That’s despite upholding the Abbott Government’s 2014 abolition of the National Water Commission – the body charged with monitoring, auditing and assessing progress on the NWI.
The commitment of the NSW and Victorian Governments to the MDBP has also been questioned in relation to proposals around the adjustment mechanism, Northern Basin Review and Sustainable Diversion Limits.
The Wentworth Group’s Pittock said their proposals “could effectively destroy the plan”.
“We’ve seen NSW and Victoria basically seek to scuttle the plan by putting forward most inadequate proposals that don’t move enough environmental water below the middle reaches of the Murray,” he said.
Baby out with the bathwater?
All this controversy has lead to speculation over the future of the plan, with headlines pondering if the MDBP is broken and if it’s time to ditch the Plan.
NSW Regional Water Minister Blair said: “To suggest the Basin Plan is a silver bullet with immediate impact is foolhardy. Progress is incremental and NSW is delivering the MDBP in a way that balances economic, environmental and socio-economic concerns.”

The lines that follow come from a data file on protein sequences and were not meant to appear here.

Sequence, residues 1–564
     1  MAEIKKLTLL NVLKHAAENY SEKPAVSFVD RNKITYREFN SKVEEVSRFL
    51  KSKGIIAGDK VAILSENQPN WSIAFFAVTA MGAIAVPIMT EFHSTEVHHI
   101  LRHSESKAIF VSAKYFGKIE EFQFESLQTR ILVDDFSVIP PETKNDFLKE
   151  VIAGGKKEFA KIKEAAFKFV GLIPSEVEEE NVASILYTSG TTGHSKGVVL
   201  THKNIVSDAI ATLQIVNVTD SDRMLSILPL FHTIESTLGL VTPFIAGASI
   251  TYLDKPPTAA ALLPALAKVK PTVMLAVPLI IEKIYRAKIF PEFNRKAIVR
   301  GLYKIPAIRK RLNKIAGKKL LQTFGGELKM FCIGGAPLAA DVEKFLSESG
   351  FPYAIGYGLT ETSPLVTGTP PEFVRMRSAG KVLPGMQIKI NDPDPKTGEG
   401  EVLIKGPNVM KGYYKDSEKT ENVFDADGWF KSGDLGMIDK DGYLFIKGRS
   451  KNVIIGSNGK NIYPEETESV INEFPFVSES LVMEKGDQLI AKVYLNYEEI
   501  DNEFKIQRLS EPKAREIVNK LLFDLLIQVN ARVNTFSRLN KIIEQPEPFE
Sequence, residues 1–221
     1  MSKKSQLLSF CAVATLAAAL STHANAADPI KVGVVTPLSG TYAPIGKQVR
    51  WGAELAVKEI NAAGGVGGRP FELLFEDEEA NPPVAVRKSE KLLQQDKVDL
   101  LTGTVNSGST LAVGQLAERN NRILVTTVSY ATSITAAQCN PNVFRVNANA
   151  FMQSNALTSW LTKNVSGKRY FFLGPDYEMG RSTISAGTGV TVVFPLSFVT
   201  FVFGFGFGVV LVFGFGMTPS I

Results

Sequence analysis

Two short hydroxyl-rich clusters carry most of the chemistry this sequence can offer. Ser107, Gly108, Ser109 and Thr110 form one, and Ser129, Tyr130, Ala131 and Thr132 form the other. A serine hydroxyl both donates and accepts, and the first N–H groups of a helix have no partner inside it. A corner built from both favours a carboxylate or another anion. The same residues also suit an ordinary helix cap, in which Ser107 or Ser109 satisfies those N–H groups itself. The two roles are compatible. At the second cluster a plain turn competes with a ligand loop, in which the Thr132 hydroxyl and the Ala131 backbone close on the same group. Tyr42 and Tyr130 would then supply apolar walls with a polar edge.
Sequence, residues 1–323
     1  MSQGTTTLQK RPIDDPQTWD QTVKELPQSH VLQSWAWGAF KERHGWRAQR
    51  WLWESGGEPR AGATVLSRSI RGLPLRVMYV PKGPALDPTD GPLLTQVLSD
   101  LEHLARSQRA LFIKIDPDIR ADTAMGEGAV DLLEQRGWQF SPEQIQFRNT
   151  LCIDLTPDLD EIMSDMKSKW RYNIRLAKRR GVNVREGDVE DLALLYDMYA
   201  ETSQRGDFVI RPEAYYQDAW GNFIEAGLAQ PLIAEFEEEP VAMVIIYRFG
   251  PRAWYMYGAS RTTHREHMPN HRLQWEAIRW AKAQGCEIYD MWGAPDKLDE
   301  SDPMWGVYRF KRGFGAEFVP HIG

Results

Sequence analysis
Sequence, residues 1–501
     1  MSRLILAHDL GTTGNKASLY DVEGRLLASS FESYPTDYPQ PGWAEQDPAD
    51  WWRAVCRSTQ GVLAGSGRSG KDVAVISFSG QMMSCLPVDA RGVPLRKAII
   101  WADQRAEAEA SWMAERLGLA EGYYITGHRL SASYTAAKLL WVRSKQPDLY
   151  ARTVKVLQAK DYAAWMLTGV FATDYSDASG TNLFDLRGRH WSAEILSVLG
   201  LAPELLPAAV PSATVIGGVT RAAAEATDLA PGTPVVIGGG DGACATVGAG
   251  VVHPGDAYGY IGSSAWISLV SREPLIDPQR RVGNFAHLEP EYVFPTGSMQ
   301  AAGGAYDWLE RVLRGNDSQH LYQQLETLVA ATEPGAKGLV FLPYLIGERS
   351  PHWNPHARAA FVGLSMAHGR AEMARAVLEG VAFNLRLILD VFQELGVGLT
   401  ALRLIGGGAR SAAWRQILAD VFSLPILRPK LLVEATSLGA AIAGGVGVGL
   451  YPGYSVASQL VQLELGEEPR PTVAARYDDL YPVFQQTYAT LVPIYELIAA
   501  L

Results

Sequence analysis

The Irrigators’ Council has also backed the plan going forward.
“People who are trying to turf the plan, or saying that it’s not enough, are doing something which would plunge us all into many decades more of uncertainty and not being able to guarantee the health of the river,” National Irrigators’ Council’s Steve Whan said.
Yet, something needs to be done to rectify the issues that have bubbled to the surface this past year – whether it’s via a royal commission, judicial inquiry or the various investigations already underway.